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Fertility, childcare, and family leave: Not just a female issue

Fertility, childcare, and family leave: Not just a female issue

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Many companies have long recognized that when it comes to attracting women to the workforce, they need to offer benefits that go beyond traditional packages. They are also realizing that “female-friendly” benefit programs have a broad appeal that is beneficial for all employees: men, transgender, non-binary, disabled, and others in the workforce.

In addition to helping with employee attraction and retention, a more inclusive and non-discriminatory workplace has a long-term positive impact on the health of all your people – and your organization. So here are three benefit areas to consider. 

Family planning

Statistically, working women in the United States are giving birth at older ages than in the past. As a result, they are also seeking easier access to fertility and family-planning services, such as in vitro fertilization (IVF), egg freezing, adoption, and surrogacy.  

These once unheard-of benefits are now becoming standardized offerings. For example, even though the cost to employees (and their spouses) of fertility services such as IVF can exceed $10,000 per cycle, IVF is now covered by more than 40% of large employers in the U.S. These solutions offer family planning assistance, provide maternity telehealth, family support, and caregiver assistance. Recognizing the continuum of sexual health as we age, they may also offer menopause and low testosterone treatment and support. 


As recently as February 2023, it was reported by the Wall Street Journal that dual income households are being priced out of daycare – the median price is now nearly $17,500 a year in major metro areas.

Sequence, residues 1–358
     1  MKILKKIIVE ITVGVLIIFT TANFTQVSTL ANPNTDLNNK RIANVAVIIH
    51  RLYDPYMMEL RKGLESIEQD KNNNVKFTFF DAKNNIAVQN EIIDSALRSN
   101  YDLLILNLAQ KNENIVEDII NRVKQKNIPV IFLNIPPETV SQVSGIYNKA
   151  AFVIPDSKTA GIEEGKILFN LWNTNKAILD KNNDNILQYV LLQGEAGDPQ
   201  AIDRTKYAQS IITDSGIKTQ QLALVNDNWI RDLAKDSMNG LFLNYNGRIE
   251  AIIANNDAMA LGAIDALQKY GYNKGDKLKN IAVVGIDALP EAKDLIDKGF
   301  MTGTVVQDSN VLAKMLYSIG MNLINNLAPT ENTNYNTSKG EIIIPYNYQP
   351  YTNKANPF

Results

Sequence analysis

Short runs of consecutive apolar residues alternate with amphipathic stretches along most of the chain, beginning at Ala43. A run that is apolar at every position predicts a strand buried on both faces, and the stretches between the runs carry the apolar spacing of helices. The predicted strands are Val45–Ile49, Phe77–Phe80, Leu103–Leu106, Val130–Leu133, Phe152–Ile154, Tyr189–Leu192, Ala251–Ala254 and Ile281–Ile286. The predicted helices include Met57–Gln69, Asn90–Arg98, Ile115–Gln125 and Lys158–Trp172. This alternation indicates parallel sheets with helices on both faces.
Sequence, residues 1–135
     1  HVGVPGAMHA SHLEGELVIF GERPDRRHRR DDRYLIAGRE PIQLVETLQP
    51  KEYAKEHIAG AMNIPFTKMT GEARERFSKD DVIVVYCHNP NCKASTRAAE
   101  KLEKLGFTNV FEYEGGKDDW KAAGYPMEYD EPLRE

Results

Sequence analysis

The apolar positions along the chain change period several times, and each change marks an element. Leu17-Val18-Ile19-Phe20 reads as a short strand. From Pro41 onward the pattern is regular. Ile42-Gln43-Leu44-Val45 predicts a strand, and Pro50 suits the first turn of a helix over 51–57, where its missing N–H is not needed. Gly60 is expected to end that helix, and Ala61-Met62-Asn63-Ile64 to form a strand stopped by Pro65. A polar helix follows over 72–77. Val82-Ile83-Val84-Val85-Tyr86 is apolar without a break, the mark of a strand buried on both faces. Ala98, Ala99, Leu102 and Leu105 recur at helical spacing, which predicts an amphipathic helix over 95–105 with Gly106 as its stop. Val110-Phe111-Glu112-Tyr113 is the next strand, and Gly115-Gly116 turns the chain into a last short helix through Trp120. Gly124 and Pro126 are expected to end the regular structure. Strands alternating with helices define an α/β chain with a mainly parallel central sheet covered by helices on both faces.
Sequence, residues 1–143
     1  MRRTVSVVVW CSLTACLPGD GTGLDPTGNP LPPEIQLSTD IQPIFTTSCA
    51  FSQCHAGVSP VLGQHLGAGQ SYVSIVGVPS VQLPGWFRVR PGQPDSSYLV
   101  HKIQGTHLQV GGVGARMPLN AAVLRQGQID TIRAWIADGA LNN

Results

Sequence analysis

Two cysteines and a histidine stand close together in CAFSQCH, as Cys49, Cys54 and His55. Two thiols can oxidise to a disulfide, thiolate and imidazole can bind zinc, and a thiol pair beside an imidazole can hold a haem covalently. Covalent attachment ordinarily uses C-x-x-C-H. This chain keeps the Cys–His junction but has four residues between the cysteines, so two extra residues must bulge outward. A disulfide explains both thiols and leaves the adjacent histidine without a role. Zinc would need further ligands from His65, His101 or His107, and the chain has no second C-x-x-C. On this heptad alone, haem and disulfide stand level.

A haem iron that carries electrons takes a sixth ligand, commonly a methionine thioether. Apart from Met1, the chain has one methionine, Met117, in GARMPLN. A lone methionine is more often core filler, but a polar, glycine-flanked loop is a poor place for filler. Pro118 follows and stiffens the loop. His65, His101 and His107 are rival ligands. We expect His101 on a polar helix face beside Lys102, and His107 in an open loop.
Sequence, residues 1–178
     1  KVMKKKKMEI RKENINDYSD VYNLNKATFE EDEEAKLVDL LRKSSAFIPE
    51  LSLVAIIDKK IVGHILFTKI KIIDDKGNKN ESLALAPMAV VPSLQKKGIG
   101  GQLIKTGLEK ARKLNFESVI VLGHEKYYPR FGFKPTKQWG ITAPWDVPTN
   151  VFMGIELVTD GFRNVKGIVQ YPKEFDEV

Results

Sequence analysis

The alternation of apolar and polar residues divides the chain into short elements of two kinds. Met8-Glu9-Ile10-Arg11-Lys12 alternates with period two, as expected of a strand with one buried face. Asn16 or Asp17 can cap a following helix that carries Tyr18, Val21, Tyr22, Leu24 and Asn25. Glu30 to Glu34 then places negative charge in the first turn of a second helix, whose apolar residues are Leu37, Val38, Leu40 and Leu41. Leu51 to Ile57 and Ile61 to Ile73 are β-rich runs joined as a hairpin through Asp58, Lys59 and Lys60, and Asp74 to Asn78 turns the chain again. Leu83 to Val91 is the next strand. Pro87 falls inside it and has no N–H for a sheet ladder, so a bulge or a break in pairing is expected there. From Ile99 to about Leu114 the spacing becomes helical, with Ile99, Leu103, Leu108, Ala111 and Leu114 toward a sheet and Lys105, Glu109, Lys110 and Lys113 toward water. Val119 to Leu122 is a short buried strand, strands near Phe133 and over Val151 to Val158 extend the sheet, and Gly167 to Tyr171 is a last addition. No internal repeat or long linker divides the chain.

To make matters even worse, LinkedIn’s Theunis Bates reports “a Labor Department study found that counties with childcare prices 50% above the national median had a 2-percentage point reduction in maternal employment; those twice as expensive had a 4-percentage point drop.”

Despite this trend, the number of companies offering paid parental leave dropped significantly in 2021 and 2022, according to the Society for Human Resource Management. A bipartisan proposal to give federal employees 12 weeks of paid family leave was recently introduced, but currently, no federal paid leave program exists. (Federal employees can receive up to twelve weeks of unpaid job projection under FMLA.) At the state level, only 11 states plus the District of Columbia offer paid maternity leave for those who qualify. 

Many small and medium sized firms say they simply cannot afford to offer such a rich benefit. However, as more 25- to 54-year-old female candidates are weighing job offers, they will definitely be looking at the details of a company’s entire benefit package, especially the parental leave policy. A paid parental leave that applies to both men and women is even more attractive to talent – especially in today’s tight labor market.

“Home” work

According to the Harvard Business Review (HBR), women report that they want to work fully or partially remotely 10% more than men. A flex-time schedule can support work-life balance, the ability to manage families’ activities, and save time and money by not commuting. 

Even though remote or hybrid work may seem appealing, HBR cautions women on the remote lifestyle for two reasons. First, it is more difficult to build strong colleague networks, develop advocates of their work, and find mentors who strongly support women over the course of their careers. Second, assumptions are always made about commitment to the work while working remotely.  

Today more employees – not just women – are finding working remotely to be a very attractive option, despite understanding the potential risks to their career goals and prospects. So, it’s important to implement policies and practices that can help level the playing field, such as annual-review criteria that eliminate potential bias and formal mentoring programs. 

Maintaining a balance for employees who work remotely versus those that are in the office can be offset by recognizing the inequalities created by their lack of visibility and making concerted efforts to counterbalance them.

Making a difference

As labor competition and shortages continue to plague employers, it is vital that organizations understand the impact of family-specific benefits initiatives, specifically family planning, parental leave, DE&I initiatives, and flexible work options. Otherwise, there may be missed opportunities for attracting and retaining all employees – not just those that identify as female!